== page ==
Have you ever had to listen to a recording of a conversation, or worse, had to transcribe one? You quickly learn that everyday speech isn’t exactly made of flowing repartee. Grunts, coughs, sighs ― they aren’t pleasant to listen back to, but these sounds are probably more common than the words between them.
Remember that face-to-face communication is a different beast than what you are doing now (presumably reading this silently from a screen.) The gestures, nodding and weird noises you make when talking to another person may not be part of language, but you would have a hard time conveying your ideas without them.
What about “um?” It means something, but what exactly? “Um” is the classic example of what linguistics terms a filler, a sound which signals a pause (rather a conclusion) to the other people involved.
Filler can consist of words, such as “like,” or “you know,” frequently combined in the phrase “like, you know . . .” In these instances, the words are essentially meaningless except as conversation cues. A related phenomenon is speech disfluency, when one pauses in mid-sentence to try to recall the rest of the thought. Here’s an example: “Do you believe what Kanye West ― I mean Lady Gaga ― was wearing last night?” The middle phrase, about Lady Gaga, is speech disfluency.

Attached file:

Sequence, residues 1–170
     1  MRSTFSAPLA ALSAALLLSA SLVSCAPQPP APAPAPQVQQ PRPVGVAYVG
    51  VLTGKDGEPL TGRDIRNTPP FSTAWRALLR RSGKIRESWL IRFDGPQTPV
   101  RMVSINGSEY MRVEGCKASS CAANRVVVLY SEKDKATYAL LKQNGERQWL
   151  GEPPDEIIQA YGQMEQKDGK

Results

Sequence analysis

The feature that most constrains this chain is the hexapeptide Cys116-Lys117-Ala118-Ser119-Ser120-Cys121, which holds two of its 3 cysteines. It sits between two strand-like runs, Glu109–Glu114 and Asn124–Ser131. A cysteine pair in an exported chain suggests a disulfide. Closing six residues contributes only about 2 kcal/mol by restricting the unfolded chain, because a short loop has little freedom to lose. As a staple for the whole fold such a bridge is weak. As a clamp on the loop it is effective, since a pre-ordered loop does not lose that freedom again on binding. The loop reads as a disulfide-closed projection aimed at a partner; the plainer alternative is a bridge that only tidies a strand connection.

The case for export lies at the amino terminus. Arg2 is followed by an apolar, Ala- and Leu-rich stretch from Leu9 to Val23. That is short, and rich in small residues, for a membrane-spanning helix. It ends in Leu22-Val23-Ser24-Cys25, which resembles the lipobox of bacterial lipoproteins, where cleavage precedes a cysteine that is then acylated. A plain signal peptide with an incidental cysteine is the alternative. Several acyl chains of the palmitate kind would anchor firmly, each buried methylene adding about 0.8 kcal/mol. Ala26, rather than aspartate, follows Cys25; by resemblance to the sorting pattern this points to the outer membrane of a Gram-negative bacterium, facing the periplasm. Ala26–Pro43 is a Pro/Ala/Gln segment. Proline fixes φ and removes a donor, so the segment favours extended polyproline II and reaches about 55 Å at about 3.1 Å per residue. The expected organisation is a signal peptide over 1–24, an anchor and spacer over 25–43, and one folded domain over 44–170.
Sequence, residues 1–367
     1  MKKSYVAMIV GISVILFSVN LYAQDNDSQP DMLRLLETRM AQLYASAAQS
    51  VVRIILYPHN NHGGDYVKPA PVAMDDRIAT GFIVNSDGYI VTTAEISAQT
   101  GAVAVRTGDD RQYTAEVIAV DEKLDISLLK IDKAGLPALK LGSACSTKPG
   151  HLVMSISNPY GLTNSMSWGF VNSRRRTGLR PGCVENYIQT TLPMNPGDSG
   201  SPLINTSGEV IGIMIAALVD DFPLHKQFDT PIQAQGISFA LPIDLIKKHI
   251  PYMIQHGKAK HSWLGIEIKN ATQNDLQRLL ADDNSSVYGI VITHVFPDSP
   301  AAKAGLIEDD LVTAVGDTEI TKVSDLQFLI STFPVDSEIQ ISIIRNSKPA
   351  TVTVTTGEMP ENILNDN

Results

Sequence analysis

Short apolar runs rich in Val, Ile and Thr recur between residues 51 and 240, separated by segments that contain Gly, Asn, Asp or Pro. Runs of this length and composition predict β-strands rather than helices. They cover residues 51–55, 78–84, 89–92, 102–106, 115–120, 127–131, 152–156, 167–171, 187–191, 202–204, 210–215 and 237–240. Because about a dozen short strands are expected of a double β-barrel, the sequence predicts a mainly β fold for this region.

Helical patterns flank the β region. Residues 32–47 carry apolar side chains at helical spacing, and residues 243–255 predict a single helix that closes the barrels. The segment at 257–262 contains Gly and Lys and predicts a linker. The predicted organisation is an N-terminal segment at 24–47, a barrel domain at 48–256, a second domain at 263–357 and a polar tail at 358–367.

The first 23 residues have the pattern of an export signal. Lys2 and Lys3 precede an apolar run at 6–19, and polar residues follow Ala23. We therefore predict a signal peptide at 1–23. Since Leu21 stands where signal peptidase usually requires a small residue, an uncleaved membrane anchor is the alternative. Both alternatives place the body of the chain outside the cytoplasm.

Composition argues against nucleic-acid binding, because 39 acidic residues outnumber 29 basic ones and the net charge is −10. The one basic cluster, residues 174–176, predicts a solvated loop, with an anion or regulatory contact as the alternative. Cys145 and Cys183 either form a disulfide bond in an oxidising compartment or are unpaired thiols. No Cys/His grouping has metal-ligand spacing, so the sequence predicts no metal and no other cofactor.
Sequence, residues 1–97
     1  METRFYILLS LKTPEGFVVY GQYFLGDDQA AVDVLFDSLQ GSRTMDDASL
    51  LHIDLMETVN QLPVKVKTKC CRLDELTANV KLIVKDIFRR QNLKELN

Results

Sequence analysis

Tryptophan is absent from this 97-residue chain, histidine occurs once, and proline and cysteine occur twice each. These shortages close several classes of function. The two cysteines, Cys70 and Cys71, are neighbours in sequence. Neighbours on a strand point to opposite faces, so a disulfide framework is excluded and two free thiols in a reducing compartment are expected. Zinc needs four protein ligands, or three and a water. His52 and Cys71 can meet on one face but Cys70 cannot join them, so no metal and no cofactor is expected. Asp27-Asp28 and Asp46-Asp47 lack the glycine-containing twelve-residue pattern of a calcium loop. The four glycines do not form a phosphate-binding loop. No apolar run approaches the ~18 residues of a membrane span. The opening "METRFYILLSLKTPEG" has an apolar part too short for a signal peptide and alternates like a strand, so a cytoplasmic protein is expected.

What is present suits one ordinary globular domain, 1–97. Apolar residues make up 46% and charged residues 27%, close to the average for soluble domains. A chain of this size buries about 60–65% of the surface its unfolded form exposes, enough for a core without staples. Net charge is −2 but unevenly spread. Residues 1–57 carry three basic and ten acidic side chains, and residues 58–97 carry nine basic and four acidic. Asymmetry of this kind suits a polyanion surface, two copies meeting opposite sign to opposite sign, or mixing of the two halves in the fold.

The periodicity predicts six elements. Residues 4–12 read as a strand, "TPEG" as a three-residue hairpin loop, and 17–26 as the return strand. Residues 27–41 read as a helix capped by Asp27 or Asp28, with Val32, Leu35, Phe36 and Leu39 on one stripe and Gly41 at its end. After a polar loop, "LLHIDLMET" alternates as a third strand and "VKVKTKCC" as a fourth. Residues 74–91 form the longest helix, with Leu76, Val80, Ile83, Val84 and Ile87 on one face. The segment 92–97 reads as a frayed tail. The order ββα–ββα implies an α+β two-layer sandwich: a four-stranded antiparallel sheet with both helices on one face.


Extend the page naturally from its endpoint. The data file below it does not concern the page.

Even though a dictionary may make it seem otherwise, meaning ultimately comes down to what one person expresses to another. Ludwig Wittgenstein once said, “Language is a part of our organism and no less complicated than it.”
A note: Some of our readers have astutely pointed out that paralanguage is another term that describes these utterances. Paralanguage encompasses anything that doesn’t specifically pertain to the linguistic aspect of communication; as we have pointed out above, however, this isn’t always easy to delineate.